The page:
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The American College & University Presidents’ Climate Commitment (ACUPCC) is celebrating five years of higher education’s leadership on the critical issues of our time, with new data from signatories’ public reports showing unprecedented success and innovation in renewable energy, curriculum, energy efficiency, green building, and financial savings. 202 institutions have submitted Progress Reports on their implementation of the commitment in the first five years, showing the following results, which are indicative of progress throughout the network.  While reports are still coming in and numbers are subject to change, preliminary analysis of the latest data shows:

  • Collectively, the ACUPCC represents the 3rd largest purchaser of Renewable Energy Credits (RECs) in the United States, with 156 Signatories purchasing a total of 1,279,765,254 kWh RECs.
  • 175 signatories report current curriculum offerings include 9,548 courses focused on sustainability
  • 67% of signatories affirmed that their Climate Action Plan has saved their institution money.  Generating total savings of $100 million dollars.
  • The 406 institutions that have submitted more than one GHG inventory have reduced cumulative annual CO2e emissions by approximately 384,000 metric tons — an average of 970 tons per year per institution
  • Reporting signatories show a total renewable energy output of 170,000,000 kwh — the equivalent of powering 14,617 American households electricity for one year.

Through the ACUPCC, higher education has become the only sector in the U.S. with a critical mass committed to the scientifically necessary goal of climate neutrality.  During the first 5 years of the initiative, over 700 colleges and universities in the US signed the ACUPCC, representing all 50 states, the District of Columbia, and every type of public and private institution (2-year, 4-year, research university).  6 million students attend ACUPCC institutions – approximately one-third of all college and university students in the United States. International initiatives modeled after the ACUPCC have launched in Scotland and Peru, and similar initiatives are being explored in Taiwan, Australia, and Hungary.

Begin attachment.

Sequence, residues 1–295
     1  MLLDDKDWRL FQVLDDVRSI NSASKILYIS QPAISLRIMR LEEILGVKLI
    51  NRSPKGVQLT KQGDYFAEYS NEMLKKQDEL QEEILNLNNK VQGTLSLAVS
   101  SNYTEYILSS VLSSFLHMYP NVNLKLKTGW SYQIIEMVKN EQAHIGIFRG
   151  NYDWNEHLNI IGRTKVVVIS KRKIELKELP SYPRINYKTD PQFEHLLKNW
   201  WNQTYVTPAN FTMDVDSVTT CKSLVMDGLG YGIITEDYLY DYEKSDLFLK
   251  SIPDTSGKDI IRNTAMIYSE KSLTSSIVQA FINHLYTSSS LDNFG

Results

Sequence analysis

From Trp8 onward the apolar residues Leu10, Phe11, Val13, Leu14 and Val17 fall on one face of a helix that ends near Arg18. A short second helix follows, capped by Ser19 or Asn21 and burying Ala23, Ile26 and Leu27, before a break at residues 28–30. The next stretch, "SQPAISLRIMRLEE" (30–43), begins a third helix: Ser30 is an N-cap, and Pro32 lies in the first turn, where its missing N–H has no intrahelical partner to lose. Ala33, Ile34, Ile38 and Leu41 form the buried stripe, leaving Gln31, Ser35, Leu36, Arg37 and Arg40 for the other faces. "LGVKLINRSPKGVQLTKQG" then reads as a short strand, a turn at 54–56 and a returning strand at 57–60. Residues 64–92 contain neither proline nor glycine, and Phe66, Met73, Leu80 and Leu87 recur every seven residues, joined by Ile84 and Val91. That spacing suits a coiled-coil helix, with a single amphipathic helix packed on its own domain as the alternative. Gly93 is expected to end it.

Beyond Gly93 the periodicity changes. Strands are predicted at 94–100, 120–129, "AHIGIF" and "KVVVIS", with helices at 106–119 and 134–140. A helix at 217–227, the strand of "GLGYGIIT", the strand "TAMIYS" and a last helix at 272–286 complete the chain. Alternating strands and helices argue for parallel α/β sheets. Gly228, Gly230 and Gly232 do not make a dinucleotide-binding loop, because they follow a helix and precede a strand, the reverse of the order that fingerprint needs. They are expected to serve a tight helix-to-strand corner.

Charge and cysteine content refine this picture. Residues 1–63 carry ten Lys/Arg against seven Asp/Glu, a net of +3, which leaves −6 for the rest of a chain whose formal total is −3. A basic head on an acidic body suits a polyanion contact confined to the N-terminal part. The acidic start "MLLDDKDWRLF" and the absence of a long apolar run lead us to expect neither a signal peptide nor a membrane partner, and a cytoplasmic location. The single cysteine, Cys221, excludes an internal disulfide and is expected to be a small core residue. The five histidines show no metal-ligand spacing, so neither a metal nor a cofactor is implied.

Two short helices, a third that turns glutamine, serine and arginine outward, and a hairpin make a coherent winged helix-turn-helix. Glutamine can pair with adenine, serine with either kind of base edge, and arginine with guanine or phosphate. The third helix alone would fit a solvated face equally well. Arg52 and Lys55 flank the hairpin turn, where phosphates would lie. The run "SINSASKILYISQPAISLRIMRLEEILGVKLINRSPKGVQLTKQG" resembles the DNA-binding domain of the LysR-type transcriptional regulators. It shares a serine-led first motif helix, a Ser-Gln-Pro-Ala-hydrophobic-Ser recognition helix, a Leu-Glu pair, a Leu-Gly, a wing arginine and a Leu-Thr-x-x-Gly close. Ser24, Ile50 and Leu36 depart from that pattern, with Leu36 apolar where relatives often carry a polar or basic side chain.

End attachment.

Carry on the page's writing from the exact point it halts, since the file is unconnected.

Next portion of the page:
It is a rare example of a voluntary initiative that includes accountability through the ongoing public reporting process, to which all ACUPCC signatories agree.  All public reports are available on the ACUPCC Reporting System at rs.acupcc.org.

Measuring Success

(more…)

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2012 Second Nature Climate Leadership Awards

Recognizing Innovation and Excellence in Climate Leadership at Signatory Institutions of the American College & University Presidents’ Climate Commitment

The Climate Leadership Awards highlight campus innovation and climate leadership to transition society to a clean, just, and sustainable future, and are chosen from ACUPCC signatory institutions in good standing via a nomination process.  This year marks the third annual Climate Leadership Awards, and Second Nature is proud to announce this year’s Finalists, who will advance on to be considered for a 2012 Award.

2012 Finalists for Institutional Excellence in Climate Leadership

  • Doctorate Granting University
    Arizona State University, AZ
    Georgia Institute of Technology, GA
    New York University, NY
    University of Illinois at Urbana-Champaign, IL
    University of South Florida, FL
  • Master’s Colleges & University
    Florida Gulf Coast University, FL
    Goddard College, VT
    University of Central Missouri, MO
    William Paterson University of New Jersey, NJ
  • Baccalaureate College
    Allegheny College, PA
    Carleton College, MN
    Luther College, IA
    Spelman College, GA
  • Associate/Tribal College
    Austin Community College District, TX
    Chandler – Gilbert Community College, AZ
    Glendale Community College, AZ
    Haywood Community College, NC
  • Special Focus Institutions / Other 
    Pratt Institute and PALS, NY
    SUNY Upstate Medical University, NY
    University of California System,CA

Second Nature is proud to be announcing the awards winners of the 3rd Annual Climate Leadership Awards at the 6th annual Climate Leadership Summit of the American College & University Presidents’ Climate Commitment (ACUPCC) on June 21-22, 2012 in Washington, D.C.

In partnership with Planet Forward, all finalists will be featured in a public voting competition from March 15th – April 15th 2012, where viewers can vote on the most innovative and ground-breaking institution in each Carnegie Classification. Campuses with the top votes at the end of April will be featured in a variety of media opportunities. More information on the voting competition will be posted soon.